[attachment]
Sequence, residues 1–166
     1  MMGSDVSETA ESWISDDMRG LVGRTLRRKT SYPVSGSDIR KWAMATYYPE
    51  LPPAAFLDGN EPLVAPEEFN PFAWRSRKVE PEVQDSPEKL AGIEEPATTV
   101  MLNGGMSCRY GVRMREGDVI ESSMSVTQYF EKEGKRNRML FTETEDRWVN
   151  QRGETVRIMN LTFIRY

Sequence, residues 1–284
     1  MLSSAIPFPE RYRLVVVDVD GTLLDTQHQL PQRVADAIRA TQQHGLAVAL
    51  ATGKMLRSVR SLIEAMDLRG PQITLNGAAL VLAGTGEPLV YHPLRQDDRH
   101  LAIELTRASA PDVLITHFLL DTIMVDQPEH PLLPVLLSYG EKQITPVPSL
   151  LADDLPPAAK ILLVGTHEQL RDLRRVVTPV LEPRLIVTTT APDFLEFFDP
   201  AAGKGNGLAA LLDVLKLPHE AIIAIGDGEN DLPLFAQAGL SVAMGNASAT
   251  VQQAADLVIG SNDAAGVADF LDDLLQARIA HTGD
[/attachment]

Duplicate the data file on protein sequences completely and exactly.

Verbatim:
Sequence, residues 1–166
     1  MMGSDVSETA ESWISDDMRG LVGRTLRRKT SYPVSGSDIR KWAMATYYPE
    51  LPPAAFLDGN EPLVAPEEFN PFAWRSRKVE PEVQDSPEKL AGIEEPATTV
   101  MLNGGMSCRY GVRMREGDVI ESSMSVTQYF EKEGKRNRML FTETEDRWVN
   151  QRGETVRIMN LTFIRY

Sequence, residues 1–284
     1  MLSSAIPFPE RYRLVVVDVD GTLLDTQHQL PQRVADAIRA TQQHGLAVAL
    51  ATGKMLRSVR SLIEAMDLRG PQITLNGAAL VLAGTGEPLV YHPLRQDDRH
   101  LAIELTRASA PDVLITHFLL DTIMVDQPEH PLLPVLLSYG EKQITPVPSL
   151  LADDLPPAAK ILLVGTHEQL RDLRRVVTPV LEPRLIVTTT APDFLEFFDP
   201  AAGKGNGLAA LLDVLKLPHE AIIAIGDGEN DLPLFAQAGL SVAMGNASAT
   251  VQQAADLVIG SNDAAGVADF LDDLLQARIA HTGD